Ever since I read The Opposable Mind: How Successful Leaders Win Through Integrative Thinking, I have been a big fan of Roger Martin, Dean of the Rotman School of Management in Toronto, Canada. In his book on the problem-solving power of “integrative thinking,” Martin profiled several leaders of successful companies to demonstrate how the “opposable mind” – Martin’s term for the human brain’s ability “to hold two conflicting ideas in constructive tension” – can synthesize “new and superior ideas.”
In this video, Dr. Martin claims there is a ‘crisis of meaning’ in the world of business, especially for the Millenials or Generation Y (the generation with birth dates from the mid-1970s to the mid-1990s). Millenials are leaving for other occupations because, according to Dr. Martin, they are finding little purpose in the workaday world of business. For example, when a Millenial asks ‘why am I doing this?’ management will often respond by pointing out how it benefits shareholder value. That’s not good enough, according to Dr. Martin.
So what, you may ask, does this have to do with addiction? What struck me about this video was how glaringly obvious the question of ‘why am I doing this?’ is for the clients we see in addiction treatment and how rarely it’s addressed. Yes, we tell clients how destructive drugs and alcohol can be and, yes, we can explain to them how to stop using these substances. However, if we don’t answer the question ‘Why am I doing this?’ or ‘Why should I quit?’ then perhaps we’re spinning our wheels. The client probably won’t be very motivated, not for long anyway. Assuming that the client knows he is hurting his family, ruining his health, etc. is not good enough. We need to dig a lot deeper.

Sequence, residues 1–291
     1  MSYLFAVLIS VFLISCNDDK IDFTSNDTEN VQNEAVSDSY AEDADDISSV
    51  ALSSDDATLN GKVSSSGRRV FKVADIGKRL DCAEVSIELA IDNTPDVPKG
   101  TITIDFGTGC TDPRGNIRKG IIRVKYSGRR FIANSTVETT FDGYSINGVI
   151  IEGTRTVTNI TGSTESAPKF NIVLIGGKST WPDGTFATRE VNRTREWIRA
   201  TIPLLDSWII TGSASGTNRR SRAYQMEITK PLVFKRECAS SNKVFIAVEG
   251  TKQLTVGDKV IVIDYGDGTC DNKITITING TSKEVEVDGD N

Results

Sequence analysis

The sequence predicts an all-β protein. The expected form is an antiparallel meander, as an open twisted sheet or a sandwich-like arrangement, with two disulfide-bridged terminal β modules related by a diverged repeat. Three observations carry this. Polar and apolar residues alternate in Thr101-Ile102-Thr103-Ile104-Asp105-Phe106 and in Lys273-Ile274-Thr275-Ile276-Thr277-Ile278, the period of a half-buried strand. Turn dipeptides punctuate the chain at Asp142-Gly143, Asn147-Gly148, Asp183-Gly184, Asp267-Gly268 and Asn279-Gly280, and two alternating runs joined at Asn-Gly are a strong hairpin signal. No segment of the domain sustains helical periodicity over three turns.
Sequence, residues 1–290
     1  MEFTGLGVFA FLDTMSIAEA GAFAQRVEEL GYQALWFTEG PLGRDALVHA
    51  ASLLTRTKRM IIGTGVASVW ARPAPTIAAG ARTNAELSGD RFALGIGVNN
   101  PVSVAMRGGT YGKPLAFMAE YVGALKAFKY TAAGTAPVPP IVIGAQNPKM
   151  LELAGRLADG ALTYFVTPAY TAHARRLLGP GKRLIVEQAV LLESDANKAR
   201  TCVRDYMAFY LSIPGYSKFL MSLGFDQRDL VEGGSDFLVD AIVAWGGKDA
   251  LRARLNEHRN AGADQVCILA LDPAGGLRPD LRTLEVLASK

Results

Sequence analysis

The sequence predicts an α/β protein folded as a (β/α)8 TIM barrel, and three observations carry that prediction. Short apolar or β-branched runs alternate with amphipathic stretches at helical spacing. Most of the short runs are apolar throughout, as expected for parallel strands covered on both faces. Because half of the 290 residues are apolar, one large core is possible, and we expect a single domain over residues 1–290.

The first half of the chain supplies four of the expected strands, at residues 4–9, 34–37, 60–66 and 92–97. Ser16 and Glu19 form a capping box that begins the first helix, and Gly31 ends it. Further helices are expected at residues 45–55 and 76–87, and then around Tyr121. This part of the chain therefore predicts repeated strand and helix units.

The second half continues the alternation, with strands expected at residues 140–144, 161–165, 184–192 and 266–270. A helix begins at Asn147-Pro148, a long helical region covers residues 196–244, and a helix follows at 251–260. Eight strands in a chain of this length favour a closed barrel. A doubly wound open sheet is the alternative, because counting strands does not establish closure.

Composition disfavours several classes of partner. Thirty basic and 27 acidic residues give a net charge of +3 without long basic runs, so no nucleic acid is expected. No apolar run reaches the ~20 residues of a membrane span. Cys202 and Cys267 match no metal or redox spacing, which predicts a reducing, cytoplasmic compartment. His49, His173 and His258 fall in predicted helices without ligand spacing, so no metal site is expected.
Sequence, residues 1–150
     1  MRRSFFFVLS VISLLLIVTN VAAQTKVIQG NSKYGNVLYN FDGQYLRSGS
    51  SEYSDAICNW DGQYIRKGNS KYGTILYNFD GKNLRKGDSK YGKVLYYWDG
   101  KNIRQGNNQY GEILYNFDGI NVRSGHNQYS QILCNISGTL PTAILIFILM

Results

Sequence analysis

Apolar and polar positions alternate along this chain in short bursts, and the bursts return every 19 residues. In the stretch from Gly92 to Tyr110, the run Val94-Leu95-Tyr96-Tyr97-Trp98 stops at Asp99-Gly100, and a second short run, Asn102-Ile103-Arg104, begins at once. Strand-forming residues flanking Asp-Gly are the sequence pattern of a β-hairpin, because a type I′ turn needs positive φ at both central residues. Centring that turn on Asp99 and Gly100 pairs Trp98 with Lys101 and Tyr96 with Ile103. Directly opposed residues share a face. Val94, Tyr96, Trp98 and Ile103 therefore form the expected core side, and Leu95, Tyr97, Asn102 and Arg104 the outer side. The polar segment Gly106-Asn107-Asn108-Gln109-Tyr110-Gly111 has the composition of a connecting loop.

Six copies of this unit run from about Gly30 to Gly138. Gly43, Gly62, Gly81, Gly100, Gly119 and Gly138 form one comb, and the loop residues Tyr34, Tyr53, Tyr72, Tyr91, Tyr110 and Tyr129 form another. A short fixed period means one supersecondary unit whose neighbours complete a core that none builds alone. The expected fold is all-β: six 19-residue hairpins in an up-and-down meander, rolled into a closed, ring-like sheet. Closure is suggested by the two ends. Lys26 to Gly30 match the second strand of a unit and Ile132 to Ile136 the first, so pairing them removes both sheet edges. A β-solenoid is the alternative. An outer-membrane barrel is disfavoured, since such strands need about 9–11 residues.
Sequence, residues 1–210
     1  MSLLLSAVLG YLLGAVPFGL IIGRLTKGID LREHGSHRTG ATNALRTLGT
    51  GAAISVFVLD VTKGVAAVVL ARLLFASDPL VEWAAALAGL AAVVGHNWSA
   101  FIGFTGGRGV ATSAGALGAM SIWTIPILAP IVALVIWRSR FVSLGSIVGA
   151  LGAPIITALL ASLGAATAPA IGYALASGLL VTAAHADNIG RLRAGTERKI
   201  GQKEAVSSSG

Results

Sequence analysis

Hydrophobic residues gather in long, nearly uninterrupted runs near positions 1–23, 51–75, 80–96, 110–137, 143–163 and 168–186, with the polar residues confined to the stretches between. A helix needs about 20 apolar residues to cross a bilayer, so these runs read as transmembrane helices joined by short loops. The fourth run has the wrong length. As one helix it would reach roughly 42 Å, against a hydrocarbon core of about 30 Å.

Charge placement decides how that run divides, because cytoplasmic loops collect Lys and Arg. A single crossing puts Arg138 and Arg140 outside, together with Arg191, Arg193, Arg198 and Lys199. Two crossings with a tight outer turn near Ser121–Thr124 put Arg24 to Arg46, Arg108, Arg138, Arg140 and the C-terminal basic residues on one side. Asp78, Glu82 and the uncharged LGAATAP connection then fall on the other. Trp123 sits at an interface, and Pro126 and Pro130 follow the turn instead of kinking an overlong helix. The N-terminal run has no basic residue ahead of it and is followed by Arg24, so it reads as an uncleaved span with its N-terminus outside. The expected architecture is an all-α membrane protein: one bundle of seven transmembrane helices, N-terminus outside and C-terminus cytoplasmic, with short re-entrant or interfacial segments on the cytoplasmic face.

A second consideration to the question ‘why am I doing this?’ is about why clients use drink or get high in the first place. Interestingly, (and this is something I have learned from our Program Director, Geoff Thompson) we never ask how clients benefit from drugs or alcohol. We just focus on the bad things that result from drug use. Maybe counsellors are afraid that they will trigger their clients if they talk about why they use or maybe the counsellor just assumes he has the answer. Either way, we are selling the clients short.
When I talk to addiction professionals and family members about what is unique about Sunshine Coast I often sum it up by saying we work with clients so that they have a reason to quit their addiction. Over time, we believe, clients who find a reason to quit will stop, not because someone pressured them to quit or not because it was ruining their life, but because drugs and alcohol no longer fit into their plans for a better, more satisfying life. Motivation is a critical piece of the recovery puzzle so that’s why we spend so much time talking about finding meaning and purpose. The ‘how-to’ books can come later.
Perhaps the great existential thinker, Friedrich Nietzsche said it best: “He who has a why to live can bear almost any how.”